Also recently read News of the World: A Novel by Paulette Jiles. One of my book-reading friends said this is one of the best books she’s ever read in her life. That kind of praise required me to read it and I just LOVED it. It’s about an old man (a widower), who was a former military captain, during the 1800s, who goes from town to town to read out loud the current news of the world (yes, there WAS such a free-lance job.) Newspapers didn’t make it to small towns back then. By chance he’s asked to take a 10-year old girl to East Texas to reunite with relatives. The child had been captured by an Indian tribe as a baby (her family was killed in the raid), raised by the Kiowa and as was often the case of such children, she wants nothing to do with leaving. So the “hero” in this story has his hands full. And yet, they learn to trust each other on the journey. Reaching the destination, there are lots of complications (of course!). This book is truly a wonderful read – I didn’t want it to end. The author has a gift of description and the severe dangers and difficulties of an old (wild) west horse and wagon journey. The relationship is tender. Now I’ve got to investigate the author’s other books, of which there are many. Just read this one, too!

Winter Journey by Diane Armstrong. Have you ever read about forensic dentistry? I sure had not, so I found it fascinating reading. It’s a debut novel for the author, and what a story. Halina, an Australian, with Polish roots, specializes in this obscure profession as a forensic dentist, and is asked to go to Poland, to help identify bone (and tooth) fragments, to put to rest a sad event in the story of this small town, when many, many people (Jews) were murdered. Was it the Nazis? Or was it the local townspeople who disliked the Jews. What a tangled web of intrigue, including Halina’s own mysterious past. I really enjoyed the read. The author does a great job of developing the characters (which I always like). This is no light read if you consider the subject matter, although it IS a novel (but based on fact). Nor is it a spy thriller – it’s more just an historical novel with lots of interesting people throughout. There’s a romance thrown in too, and a whole lot of angst about the discoveries found in the mass grave. But, the subject expanded my knowledge about forensics.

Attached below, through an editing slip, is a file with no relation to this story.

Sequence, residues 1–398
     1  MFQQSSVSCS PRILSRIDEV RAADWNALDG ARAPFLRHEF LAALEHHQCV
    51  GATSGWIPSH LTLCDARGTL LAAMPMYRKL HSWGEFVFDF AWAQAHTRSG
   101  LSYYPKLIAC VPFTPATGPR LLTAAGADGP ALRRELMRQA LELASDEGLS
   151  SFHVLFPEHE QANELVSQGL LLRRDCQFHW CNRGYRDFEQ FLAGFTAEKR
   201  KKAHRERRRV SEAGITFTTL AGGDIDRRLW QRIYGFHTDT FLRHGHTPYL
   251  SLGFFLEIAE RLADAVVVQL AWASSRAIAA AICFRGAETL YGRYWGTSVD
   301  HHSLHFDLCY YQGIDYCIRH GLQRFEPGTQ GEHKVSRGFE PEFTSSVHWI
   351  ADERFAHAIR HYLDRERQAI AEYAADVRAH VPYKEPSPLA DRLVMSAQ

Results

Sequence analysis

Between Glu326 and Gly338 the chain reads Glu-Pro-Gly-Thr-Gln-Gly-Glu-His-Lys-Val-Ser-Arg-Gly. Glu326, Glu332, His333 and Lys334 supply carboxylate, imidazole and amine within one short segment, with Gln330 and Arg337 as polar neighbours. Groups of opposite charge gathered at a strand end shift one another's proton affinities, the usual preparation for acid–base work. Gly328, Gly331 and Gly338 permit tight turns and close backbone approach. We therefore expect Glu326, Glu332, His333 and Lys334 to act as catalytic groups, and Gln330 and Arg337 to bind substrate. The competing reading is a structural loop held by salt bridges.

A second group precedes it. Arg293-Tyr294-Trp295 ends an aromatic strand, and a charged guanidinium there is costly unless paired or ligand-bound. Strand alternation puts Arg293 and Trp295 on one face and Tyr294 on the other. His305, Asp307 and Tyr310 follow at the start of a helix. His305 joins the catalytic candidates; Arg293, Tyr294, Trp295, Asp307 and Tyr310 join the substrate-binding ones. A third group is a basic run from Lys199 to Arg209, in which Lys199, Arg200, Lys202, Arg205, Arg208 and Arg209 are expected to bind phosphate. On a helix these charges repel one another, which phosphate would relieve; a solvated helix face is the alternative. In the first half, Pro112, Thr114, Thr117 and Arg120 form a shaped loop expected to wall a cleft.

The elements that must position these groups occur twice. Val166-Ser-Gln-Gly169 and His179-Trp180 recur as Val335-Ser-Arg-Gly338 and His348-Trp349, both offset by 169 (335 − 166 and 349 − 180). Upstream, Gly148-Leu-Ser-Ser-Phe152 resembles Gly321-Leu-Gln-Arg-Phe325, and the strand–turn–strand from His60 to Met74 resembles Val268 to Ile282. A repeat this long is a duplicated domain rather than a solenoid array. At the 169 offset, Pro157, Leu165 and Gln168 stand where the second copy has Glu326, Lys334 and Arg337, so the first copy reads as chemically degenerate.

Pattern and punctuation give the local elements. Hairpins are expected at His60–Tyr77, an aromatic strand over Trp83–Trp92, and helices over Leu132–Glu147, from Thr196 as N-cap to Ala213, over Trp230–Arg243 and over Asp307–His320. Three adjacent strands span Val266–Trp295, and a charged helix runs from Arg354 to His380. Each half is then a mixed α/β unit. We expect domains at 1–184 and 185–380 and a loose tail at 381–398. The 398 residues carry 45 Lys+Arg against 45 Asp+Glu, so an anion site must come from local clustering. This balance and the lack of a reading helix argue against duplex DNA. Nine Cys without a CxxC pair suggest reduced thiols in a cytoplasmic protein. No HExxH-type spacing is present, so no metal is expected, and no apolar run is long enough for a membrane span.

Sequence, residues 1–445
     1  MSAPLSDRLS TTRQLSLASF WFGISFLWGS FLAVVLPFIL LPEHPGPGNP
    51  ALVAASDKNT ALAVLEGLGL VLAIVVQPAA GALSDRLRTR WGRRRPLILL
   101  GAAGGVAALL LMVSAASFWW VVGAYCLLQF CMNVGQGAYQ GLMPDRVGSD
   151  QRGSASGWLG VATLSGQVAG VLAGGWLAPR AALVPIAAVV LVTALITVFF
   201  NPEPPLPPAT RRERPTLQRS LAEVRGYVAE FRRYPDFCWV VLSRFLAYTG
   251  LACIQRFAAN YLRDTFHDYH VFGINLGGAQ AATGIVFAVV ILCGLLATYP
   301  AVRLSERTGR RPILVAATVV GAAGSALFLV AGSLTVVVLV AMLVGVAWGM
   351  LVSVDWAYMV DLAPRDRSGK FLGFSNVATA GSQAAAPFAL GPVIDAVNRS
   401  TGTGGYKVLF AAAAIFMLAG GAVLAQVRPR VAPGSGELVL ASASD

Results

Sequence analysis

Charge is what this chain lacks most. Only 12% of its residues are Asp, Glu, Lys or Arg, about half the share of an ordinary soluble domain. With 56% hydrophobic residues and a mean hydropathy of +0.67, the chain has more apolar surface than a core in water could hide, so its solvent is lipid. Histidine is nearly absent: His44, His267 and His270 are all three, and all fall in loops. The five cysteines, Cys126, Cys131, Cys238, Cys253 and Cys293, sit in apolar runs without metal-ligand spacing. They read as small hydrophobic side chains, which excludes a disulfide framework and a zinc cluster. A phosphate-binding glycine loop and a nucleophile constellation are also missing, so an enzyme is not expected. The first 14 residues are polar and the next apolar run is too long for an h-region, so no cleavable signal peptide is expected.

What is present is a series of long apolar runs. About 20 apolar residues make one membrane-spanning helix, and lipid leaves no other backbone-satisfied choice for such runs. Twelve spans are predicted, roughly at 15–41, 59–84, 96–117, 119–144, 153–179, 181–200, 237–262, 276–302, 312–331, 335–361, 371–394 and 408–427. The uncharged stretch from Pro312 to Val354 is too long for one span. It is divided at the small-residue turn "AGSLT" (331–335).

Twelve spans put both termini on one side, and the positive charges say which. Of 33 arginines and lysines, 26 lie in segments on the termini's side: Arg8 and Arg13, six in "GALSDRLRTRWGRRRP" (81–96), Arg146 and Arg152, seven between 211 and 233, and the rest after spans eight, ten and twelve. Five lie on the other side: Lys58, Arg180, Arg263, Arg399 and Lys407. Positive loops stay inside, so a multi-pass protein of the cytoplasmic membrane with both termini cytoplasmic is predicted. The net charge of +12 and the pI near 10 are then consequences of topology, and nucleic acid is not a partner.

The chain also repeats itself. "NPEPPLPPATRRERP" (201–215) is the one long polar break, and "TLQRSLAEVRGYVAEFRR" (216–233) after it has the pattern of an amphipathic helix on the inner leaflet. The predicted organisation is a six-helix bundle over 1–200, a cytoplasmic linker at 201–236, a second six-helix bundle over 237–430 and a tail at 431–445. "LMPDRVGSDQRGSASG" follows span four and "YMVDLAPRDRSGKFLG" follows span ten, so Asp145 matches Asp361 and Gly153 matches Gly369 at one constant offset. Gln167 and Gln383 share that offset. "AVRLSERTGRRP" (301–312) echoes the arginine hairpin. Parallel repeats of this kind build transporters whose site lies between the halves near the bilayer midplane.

The Lost Painting: The Quest for a Caravaggio Masterpiece by Jonathan Harr. I just LOVED this book. I’ve never been much of a fan of Caravaggio’s paintings, although I’ve seen plenty of them (many are extremely large) in museums around the world. His paintings were dark, often with dark subjects. But as with many of the old masters, occasionally some obscure work surfaces, perhaps credited to another artist, even, that turns out to be one done by “the” master. In this case, Caravaggio. Although this book is written as a novel (with dialogue, etc.) it’s historical through and through. It begins with two young women art scholars, in Italy, who are asked to do a research project. One thing leads to another, and to another. All true.  If you enjoy books about art – I learned some things about the paint and the canvases of the time – you’ll be intrigued as I was.